What helps most, it seems, are federal programs, loans and food stamps and Pell grants. Without the availability of federal funds to keep the family afloat and (despite Darrel's grousing) federal advice about rationalizing the finances of the small farm, the Buschkoetters would fail in ways that would make their story too painful to watch. Juanita's classes at the community college are perhaps the most important source of hope. Along with psychotherapy and faith, we must include government programs among the antidepressants that work for Darrel and Juanita.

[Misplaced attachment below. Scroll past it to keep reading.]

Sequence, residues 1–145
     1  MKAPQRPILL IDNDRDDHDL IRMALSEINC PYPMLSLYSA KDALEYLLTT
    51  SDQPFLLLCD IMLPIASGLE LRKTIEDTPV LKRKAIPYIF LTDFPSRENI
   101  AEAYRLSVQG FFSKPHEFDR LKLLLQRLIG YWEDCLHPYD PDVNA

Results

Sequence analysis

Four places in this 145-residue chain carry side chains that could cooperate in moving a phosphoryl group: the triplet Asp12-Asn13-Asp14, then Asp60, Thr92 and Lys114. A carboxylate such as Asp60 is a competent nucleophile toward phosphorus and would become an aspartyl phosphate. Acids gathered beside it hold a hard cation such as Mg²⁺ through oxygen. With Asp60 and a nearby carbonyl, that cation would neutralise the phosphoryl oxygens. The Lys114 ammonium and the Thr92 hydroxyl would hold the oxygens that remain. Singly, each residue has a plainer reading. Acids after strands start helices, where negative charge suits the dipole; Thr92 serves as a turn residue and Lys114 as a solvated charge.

For me as a psychiatrist, watching "The Farmer's Wife" aroused a particular anxiety: Has my profession lost touch with a broad aspect of what matters when it comes to helping? Attention to the "social frame" is largely missing from contemporary psychiatry, though the glory of American psychiatry was once our awareness of the ambient culture at every level. Supervising the care of a gravely disturbed man in the 1940s, the preeminent psychiatrist of the mid-century, Harry Stack Sullivan, would ask the treating resident whether the patient had served on a destroyer or a destroyer escort in the navy, since the tensions on the two sorts of vessel are so different. Erik Erikson and Erich Fromm and the Menningers in their different ways demanded that psychoanalysts take cultural factors into account in assessing the proper approach to patients. Psychologists and psychiatrists were social commentators by necessity -- by virtue of their professions -- because they believed that mental health could be nurtured or undermined by social policies. During the middle decades of this century, the social surround was a proper subject for psychiatric research.